It’s that time of year again.
After a brisk walk over fallen leaves crunching beneath our feet, we curl up by the fire, put on some streaming, feel-good films and grab that hot chocolate, spiced chai or cider.
And of course, we get to witness the advent of pumpkin being poured and baked into everything. I mean, everything. I understand that they even make pumpkin-flavored Jell-O and gum now.
Add some holiday spice to your speech by infusing these French vocabulary words into your everyday language. Or, you know, impress all of your francophone friends.
Just think of how awesome they’ll think you are once you drop these bad boys on your tongue as the leaves change and the snow falls this year. At the very least, you’ll gain cool points as you lean against the serving table at that holiday party, holding a piping hot beverage in your hand with a cinnamon stick poking out of it, as you effortlessly recite your favorite, sophisticated flavors and spices in front of other francophone guests.
As if you’ve been speaking French for years. Or as if you were a cultured world traveler engaging in important food things—ahem, I mean, la gastronomie.
It’s a win-win, really. So let’s get right to it:
8 Flavorsome French Words to Learn This Holiday Season
Cannelle (f.) is the French name for “cinnamon.” The word itself is a tricky one, as it looks a lot like “caramel” in English, so try not to mistake these near-faux amis (false friends)–a pair of words that may appear similar, but actually have different meanings.
Cannelle is indeed the spicy, brown powder used to wake up cakes, breads, cookies and some savory dishes, too. You’ll want to add emphasis on -nelle, at the end of the word. Cannelle can be used on its own, as in, Ajouter un peu de cannelle à la poêle (Add a bit of cinnamon to the pan), or after the preposition à to describe something that is cinnamon flavored: J’aime manger du gâteau à la cannelle pendant les fêtes (I like eating cinnamon cake during the holiday season).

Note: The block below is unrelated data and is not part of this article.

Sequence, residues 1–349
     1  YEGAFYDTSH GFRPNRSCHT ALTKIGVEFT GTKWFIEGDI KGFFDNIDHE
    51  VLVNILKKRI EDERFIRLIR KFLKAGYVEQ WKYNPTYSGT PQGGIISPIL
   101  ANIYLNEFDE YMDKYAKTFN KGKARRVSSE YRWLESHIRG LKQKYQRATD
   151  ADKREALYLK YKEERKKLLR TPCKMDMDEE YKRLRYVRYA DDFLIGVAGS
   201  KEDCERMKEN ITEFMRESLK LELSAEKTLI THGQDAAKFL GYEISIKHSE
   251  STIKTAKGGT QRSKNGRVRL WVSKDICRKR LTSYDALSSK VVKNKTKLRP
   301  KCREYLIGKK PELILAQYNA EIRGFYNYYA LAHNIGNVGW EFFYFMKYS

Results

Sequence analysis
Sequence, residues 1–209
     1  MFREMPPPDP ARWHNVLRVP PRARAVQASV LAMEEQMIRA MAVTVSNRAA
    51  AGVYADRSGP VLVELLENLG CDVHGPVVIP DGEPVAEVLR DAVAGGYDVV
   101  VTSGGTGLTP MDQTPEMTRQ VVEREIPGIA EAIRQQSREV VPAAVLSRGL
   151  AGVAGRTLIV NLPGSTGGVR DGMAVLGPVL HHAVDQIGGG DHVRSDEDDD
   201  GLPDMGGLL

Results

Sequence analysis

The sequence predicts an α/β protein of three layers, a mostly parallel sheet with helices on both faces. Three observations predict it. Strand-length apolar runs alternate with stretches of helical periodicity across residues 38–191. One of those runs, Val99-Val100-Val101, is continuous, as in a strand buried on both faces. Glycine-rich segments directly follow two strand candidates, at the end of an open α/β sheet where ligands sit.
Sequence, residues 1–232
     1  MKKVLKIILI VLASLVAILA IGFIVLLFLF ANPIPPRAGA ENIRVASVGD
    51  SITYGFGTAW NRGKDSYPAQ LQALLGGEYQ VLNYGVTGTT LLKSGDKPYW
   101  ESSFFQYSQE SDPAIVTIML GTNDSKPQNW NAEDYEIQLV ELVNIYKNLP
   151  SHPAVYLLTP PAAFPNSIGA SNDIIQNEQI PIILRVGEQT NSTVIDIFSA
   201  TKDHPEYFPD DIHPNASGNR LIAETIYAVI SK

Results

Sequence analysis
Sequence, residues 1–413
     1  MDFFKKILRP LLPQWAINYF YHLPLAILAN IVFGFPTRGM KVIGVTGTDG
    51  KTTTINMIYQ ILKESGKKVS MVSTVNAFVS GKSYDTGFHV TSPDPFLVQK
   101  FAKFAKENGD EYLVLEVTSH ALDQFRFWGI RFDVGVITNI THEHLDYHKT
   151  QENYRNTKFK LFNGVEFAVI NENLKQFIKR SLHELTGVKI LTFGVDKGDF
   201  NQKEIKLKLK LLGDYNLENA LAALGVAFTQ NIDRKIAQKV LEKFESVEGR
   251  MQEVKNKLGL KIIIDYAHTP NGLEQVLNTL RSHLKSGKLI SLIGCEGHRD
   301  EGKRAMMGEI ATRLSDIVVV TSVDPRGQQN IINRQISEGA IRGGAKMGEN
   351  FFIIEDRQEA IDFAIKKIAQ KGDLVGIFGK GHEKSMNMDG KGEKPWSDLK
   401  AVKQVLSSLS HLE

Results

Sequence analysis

A pretty crucial ingredient this time of year, this is a good word to know when you’re in the kitchen with your new French-speaking sweetie as you throw down your baking skills.
Menthe (f.) is French for “mint.” Just remember that the h in menthe is silent. You can learn more about h aspiré on FluentU, where you can hear native speakers pronounce words with the aspirated h.
But beware the difference between “fresh mint” and “peppermint”—the latter usually notes poivrée (literally meaning “peppered”) following menthe. All alone, menthe is that fresh sprig of mint was used to top say, a fresh fruit salad tossed with rosewater.
However, à la menthe points to, generally, a food being “mint-flavored” or “peppermint-flavored”—think candy canes, flavored coffee creamers and the like. Basically, the red and white-striped, sugary fare that’ll draw most kids out of the woodwork with a quickness.
Caramel (m.) is an easy one. Lucky for you, caramel both looks and means the same thing in both English and French. And probably some other romance languages out there, too. The only note here is that you’ll want to place emphasis on the -mel.
Also, you’ll want to add an au in front of the word if you’re talking about serving a dish with caramel sauce, such as:
Je viens d’acheter des pommes confites au caramel.
(I just bought some caramelized apples.)
I didn’t, actually–I recently bought some kettle corn lightly glazed in caramel instead, but I digress.
4. Patate Douce
Patate douce (f.) is the French vocabulary word for the root vegetable, “sweet potato.” Patate douce literally means “mild/sweet potato” (not to be confused with pomme de terre, which simply means “potato”).
For example, to talk about your delightful plans to eat a pie made with this often-used type of potato around this time of year, you could say, “Je mangerai de la tarte aux patates douces ce soir” (I will eat some sweet potato pie tonight). Just remember to add the preposition aux to allow patates douces, in its noun form, to describe what kind of pie you’re eating: tarte aux patates douces.